Birthing a Nation: The Effect of Fertility Control Access on the 19th Century Demographic Transition
During the 19th century, the US birthrate fell by half. While previous economic literature has emphasized demand-side explanations for this decline--that rising land prices and literacy caused a decrease in demand for children--historians and others have emphasized changes in the supply of technologies to control fertility, including abortion and birth control. In this paper I exploit the introduction during the 19th century of state laws governing American women's access to abortion to measure the effect of changes in the supply of fertility technologies on the number of children born. I estimate an increase in the birthrate of 4 to 12% when abortion is restricted, which lies within the ranges of estimates found for the effect of fertility control supply restrictions on birthrates today. The importance of legal abortion in reducing 19th-century birthrates helps to account for a previously unexplained portion of the demographic transition. This paper posits that there has long been a demand, often unmet, for fertility control that should be considered in future demographic research as well as in policy formulation.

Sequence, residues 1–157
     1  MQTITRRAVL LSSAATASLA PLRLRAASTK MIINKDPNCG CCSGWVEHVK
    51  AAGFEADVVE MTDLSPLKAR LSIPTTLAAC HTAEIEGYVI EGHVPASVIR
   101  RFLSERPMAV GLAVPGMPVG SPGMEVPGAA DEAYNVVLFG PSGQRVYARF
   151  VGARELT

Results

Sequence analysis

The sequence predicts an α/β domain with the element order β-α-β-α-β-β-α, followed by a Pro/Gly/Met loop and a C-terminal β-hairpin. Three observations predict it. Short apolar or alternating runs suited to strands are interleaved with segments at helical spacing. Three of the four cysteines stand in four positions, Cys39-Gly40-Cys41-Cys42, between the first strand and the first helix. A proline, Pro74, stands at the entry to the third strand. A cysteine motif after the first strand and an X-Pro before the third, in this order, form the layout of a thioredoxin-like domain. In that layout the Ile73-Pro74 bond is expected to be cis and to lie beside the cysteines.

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|Date of creation:||Jan 2013|
|Date of revision:|
|Publication status:||published as in The Journal of Economic History, Volume 74, Issue 02, June 2014, pp 482-508|
|Note:||AG CH DAE|
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